Five years ago today, the devastation caused by the tsunami in India, Indonesia, Sir Lanka and Thailand was overwhelming. 230,000 people were killed, thousands injured and 10 million were homeless or displaced. But the response by individuals, companies and foundations was just as overwhelming. Many groups, like theAsian Chefs Association held a gala to raise funds for disaster relief and recovery. Children in grade schools found creative ways to raise money to help other children across the world.
It is during times of difficulty and suffering that people rise to overcome the challenges they face. These are also times when people become more aware of the power they have to influence the outcome of certain situations and when philanthropists are created. The Chinese actor and philanthropist, Jet Li started to think about giving back when he was in Maldives when the tsunami hit and he saw the devastation. Supermodel, Petra Nemcova lost her boyfriend and suffered a shattered hip and internal injuries. She started the Happy Hearts Fund to help children affected by natural disasters.
I was working as a consultant with Give2Asia in 2006 to help them with their fifth anniversary celebration. As part of the events, Petra Nemcova was the featured guest. At that time, Give2Asia donors provided over $4 million in relief for devastated communities and supported 57 projects managed by local charitable organizations that worked to create new opportunities for survivors of the tsunami. Petra had just returned from a trip to Sir Lanka and Thailand, visiting several of the projects she had supported before her stop at Give2Asia’s fifth anniversary celebrations. The convergence of a powerful and tragic story, the stardom and access to media, and the desire to give back, created the perfect setting for the supermodel to be the champion for the Asian tsunami recovery.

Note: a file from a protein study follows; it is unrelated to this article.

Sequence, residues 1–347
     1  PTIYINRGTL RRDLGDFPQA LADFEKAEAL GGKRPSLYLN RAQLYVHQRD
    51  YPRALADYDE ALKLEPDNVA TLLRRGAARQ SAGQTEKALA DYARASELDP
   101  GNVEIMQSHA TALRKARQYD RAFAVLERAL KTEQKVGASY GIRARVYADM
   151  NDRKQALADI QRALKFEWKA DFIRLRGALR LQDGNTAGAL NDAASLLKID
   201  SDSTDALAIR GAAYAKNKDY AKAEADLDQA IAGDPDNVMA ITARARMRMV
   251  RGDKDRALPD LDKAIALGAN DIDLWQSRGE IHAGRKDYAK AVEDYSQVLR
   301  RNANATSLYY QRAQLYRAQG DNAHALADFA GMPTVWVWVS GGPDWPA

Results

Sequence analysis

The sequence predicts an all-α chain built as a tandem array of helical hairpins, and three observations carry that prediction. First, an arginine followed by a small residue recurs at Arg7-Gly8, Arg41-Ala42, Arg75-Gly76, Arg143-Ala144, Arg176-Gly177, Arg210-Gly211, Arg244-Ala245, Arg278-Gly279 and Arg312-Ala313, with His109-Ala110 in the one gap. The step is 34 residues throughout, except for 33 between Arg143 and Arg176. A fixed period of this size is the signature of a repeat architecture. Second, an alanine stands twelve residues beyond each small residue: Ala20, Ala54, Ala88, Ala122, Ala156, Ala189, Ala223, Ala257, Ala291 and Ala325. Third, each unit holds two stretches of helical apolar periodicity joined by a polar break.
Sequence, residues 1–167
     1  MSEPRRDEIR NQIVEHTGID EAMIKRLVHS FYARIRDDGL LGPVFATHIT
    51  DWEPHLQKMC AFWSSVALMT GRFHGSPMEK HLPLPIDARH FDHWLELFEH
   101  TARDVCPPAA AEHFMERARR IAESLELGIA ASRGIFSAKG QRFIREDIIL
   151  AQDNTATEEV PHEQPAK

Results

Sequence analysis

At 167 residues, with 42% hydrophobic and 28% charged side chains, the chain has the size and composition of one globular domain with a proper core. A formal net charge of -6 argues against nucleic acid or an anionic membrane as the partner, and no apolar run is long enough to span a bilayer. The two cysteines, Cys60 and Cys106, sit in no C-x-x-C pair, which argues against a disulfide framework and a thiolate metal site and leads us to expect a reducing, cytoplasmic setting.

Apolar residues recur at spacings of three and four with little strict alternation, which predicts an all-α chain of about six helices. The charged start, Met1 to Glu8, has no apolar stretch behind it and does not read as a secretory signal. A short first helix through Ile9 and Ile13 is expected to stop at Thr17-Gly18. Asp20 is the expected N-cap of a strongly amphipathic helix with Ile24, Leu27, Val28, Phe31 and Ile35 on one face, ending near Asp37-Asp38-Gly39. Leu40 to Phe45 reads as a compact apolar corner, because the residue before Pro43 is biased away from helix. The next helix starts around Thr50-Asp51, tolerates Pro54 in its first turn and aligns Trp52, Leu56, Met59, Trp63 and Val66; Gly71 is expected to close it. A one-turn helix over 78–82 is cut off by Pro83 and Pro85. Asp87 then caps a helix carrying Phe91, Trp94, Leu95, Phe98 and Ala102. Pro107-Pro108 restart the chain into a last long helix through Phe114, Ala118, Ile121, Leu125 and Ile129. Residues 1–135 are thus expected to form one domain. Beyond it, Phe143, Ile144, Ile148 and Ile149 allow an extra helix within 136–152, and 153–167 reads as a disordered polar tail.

Petra’s philanthropy evolved from tsunami recovery to helping vulnerable children all over the world. Jet Li became the philanthropy champion for China. Give2Asia’s potential as an organization to help donors during disasters magnified. Philanthropic experiments and organizations started in areas where they would never have worked before. The tsunami created a wave of interest in international philanthropy and introduced countries and cultures to many people that had never heard of them before. While we hope another disaster like this never happens again, we are also amazed at how resilient people and organizations can be in times of disaster. From every story comes an opportunity to make the world just a little bit better.
About the picture: Give2Asia fifth anniversary celebration in San Francisco. Petra Nemcova with Give2Asia founding Chairman, Sandy Calhoun, Vice Chairman, Bill Fuller and founding CEO, Mike Rea.